NATO military chief Breedlove: Russian forces could move into Ukraine very swiftly
Russia is trying to reestablish Soviet sphere of influence, NATO secretary general says
Energy supplies must not be used as a political weapon, says Secretary of State John Kerry
"No nation should use energy to stymie a people's aspirations," Kerry says
NATO’s military chief warned Wednesday that Russian troops could begin moving on Ukraine within 12 hours of being given an order, amid fears that Moscow could seek to invade its eastern region.
Gen. Philip Breedlove, NATO’s supreme allied commander Europe, also told CNN’s Christiane Amanpour that with 40,000 troops massed near the border, Russia has all the components necessary to move on Ukraine.
These forces are “supported by fixed-wing aircraft, rotary aircraft, all of the logistics required in order to successfully make an incursion if they needed,” he said.
In terms of deterrence, Breedlove said NATO has a good air and sea plan and is working in the next several days on developing a land component to that reassurance.
Ukraine is not a NATO member, but many countries that are members – such Poland and the Baltic states – have voiced their increasing anxiety about Russia’s recent actions.
NATO said on Tuesday that it would suspend “all practical civilian and military cooperation” with Russia in response to its annexation of Ukraine’s southern Crimea region, which has triggered the worst East-West crisis since the Cold War.
It also said it had seen no sign that Moscow is withdrawing some of its troops from the eastern Ukrainian border, as Russia has claimed.
NATO chief Anders Fogh Rasmussen, speaking in Brussels at the end of a two-day meeting of foreign ministers from the 28-member NATO bloc, said he shared Breedlove’s concerns. He accused Russia of trying to intimidate Ukraine as part of an attempt to “reestablish a Russian sphere of influence covering the former Soviet space.”
Rasmussen again said Russia had a “massive military buildup along Ukraine’s borders,” with troops in a high state of readiness, and that NATO had not seen signs of any significant reduction in that buildup.
“This is really a matter of grave concern. If Russia were to intervene further in Ukraine, I wouldn’t hesitate to call it a historic mistake,” he said.
“That would lead to further … international isolation of Russia. It would have far-reaching consequences for relations between Russia and what we as a whole might call the Western world. It would be a miscalculation with huge strategic implications.”
Urging Moscow to pull back its troops from the border, Rasmussen stressed that NATO wants to find a political and diplomatic solution to the crisis in Ukraine.
In an earlier media interview Wednesday, Breedlove said that Russia could “roll across the country in three to five days if it wanted to,” a NATO military official said.
Russia dismisses ‘Cold War’ sparring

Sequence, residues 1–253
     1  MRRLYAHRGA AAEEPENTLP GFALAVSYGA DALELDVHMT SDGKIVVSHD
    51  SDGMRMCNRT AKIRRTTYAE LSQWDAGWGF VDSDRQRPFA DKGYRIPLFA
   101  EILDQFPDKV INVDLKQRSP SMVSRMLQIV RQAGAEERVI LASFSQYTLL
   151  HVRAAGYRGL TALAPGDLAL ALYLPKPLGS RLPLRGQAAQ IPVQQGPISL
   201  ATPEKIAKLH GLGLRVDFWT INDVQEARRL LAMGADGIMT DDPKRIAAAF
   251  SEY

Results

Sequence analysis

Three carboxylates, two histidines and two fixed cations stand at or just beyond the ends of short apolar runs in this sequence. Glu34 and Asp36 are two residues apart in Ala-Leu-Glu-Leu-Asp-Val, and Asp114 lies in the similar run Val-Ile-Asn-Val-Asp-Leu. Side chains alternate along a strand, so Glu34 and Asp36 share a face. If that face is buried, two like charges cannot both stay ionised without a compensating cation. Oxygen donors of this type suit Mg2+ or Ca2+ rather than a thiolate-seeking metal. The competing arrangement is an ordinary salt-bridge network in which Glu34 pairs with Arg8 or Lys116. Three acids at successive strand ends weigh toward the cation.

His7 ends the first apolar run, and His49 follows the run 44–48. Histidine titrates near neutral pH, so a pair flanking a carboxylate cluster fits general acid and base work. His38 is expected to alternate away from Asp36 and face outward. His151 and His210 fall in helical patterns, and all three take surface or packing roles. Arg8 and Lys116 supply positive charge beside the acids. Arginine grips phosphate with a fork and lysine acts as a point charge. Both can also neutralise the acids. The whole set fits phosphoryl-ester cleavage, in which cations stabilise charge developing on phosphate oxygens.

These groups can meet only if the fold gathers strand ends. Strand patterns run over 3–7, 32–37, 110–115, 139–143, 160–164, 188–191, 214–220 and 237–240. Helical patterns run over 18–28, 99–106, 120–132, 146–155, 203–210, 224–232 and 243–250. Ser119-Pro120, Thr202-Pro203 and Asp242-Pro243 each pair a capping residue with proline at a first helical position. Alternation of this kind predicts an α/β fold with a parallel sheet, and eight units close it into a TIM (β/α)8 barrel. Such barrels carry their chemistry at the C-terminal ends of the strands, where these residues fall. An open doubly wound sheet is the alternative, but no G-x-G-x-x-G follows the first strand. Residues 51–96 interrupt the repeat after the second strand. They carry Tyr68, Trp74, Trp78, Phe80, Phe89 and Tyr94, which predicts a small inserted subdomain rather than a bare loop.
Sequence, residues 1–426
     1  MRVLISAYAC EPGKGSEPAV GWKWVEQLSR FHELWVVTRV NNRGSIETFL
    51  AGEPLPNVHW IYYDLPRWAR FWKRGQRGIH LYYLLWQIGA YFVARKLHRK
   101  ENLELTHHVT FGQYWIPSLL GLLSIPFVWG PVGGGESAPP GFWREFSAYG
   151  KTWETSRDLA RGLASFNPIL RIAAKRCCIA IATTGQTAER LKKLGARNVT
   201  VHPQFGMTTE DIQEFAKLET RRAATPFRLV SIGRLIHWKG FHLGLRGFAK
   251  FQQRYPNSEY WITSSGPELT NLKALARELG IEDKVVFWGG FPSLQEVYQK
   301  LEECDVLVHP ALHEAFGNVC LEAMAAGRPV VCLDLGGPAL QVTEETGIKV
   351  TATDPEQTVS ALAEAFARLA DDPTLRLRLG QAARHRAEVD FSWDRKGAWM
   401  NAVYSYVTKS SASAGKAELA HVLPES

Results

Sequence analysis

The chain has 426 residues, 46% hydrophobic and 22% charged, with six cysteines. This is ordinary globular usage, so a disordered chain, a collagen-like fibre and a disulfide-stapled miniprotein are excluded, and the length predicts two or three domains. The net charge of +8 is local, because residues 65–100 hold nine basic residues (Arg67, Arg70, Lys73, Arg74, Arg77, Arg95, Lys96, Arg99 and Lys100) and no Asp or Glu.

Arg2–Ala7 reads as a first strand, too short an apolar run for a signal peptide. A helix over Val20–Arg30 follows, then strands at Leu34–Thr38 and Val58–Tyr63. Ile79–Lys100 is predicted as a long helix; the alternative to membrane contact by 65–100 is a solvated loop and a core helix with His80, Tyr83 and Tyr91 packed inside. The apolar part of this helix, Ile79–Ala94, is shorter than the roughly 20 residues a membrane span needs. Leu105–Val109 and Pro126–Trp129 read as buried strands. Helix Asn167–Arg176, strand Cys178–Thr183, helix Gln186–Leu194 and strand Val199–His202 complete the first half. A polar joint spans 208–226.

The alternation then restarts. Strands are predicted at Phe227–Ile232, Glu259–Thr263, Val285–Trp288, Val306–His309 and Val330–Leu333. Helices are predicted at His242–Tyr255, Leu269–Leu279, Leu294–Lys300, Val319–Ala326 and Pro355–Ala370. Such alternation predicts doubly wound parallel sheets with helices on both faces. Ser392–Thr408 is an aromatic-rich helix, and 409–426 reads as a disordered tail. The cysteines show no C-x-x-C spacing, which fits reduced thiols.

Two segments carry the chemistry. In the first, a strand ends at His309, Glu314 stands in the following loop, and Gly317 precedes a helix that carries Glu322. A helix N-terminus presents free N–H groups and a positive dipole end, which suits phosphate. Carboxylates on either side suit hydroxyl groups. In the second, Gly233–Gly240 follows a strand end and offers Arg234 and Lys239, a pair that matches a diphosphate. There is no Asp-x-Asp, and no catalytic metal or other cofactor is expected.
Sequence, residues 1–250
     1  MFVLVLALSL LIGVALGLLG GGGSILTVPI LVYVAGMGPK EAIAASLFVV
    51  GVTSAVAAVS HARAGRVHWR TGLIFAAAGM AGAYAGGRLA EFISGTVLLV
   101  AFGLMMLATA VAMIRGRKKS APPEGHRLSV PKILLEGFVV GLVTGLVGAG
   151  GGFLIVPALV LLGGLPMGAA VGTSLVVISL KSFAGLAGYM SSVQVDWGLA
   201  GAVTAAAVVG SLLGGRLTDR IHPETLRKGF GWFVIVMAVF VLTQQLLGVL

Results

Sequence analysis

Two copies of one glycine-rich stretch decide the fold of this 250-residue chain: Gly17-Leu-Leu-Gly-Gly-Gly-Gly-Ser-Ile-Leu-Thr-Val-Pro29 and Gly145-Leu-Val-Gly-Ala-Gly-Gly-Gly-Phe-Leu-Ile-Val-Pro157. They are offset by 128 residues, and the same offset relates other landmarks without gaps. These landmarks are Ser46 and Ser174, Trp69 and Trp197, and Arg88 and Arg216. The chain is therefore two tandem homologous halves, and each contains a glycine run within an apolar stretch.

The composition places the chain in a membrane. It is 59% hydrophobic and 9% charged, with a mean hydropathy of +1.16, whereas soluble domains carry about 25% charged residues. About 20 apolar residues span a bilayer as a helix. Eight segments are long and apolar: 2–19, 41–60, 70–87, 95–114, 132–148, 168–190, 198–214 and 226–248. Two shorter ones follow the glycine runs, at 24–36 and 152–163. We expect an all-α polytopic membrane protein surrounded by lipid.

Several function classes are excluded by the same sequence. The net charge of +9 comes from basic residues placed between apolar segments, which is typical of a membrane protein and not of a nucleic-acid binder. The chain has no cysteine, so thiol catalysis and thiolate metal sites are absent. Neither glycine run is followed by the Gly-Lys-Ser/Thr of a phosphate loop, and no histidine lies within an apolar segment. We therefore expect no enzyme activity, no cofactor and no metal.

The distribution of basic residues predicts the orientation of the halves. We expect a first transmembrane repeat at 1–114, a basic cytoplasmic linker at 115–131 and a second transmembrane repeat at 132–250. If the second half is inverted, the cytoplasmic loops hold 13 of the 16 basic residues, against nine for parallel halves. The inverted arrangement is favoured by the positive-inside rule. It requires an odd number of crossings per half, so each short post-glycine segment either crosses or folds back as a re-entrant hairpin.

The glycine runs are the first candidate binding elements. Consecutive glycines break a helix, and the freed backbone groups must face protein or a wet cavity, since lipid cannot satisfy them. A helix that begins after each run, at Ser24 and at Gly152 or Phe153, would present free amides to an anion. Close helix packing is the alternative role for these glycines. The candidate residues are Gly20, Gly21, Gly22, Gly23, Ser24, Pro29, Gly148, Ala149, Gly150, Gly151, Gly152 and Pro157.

As the diplomatic back-and-forth continued Wednesday, Russian Foreign Minister Sergey Lavrov spoke with U.S. Secretary of State John Kerry by phone.
The Russian Foreign Ministry said Lavrov stressed the need for joint efforts to launch “internal dialogue in Ukraine” to reach national unity and raised concern about the decisions reached by NATO, “which don’t help the implementation of these tasks.”
A senior State Department official said Kerry “conveyed the strong support he was hearing for the people of Ukraine and the legitimate government of Ukraine” from counterparts at the NATO meeting. He also reiterated the objective of de-escalating the crisis and called for Russian-Ukrainian government talks.
A statement posted by Russia’s Foreign Ministry on Wednesday, quoting spokesman Aleksandr Lukashevich, dismissed NATO’s words as rhetoric that harks back to the Cold War.
“The wording of the statement rather reminds us of verbal sparring of the Cold War times, while the decision itself brings us six years back, when Brussels ‘froze’ the work of the Russia-NATO Council,” it said. “It is well known how this ‘freeze’ ended up. NATO initiated a return to cooperation with Russia, stating an ‘all-weather nature’ of cooperation within the framework of the Russia-NATO Council.”
The NATO ministers said on Tuesday that political dialogue in the NATO-Russia Council could continue, “as necessary, at the ambassadorial level and above, to allow us to exchange views, first and foremost on this crisis.”
They said they would review NATO’s relations with Russia at their next meeting in June.
Within the next few days, 175 U.S. Marines from Camp Lejeune in North Carolina will begin deploying to Romania as part of an effort to beef up a Marine Corps presence in Europe for dealing with contingencies. The deployment to Romania was long planned, Pentagon spokesman Colonel Steve Warren said.
The Marines will become additional forces assigned to a so-called Special Purpose Marine Air Ground Task Force headquartered in Moron, Spain. But additional forces in Romania will beef up the U.S. military presence in the region as tensions have risen over the Russian troop buildup along Ukraine’s border.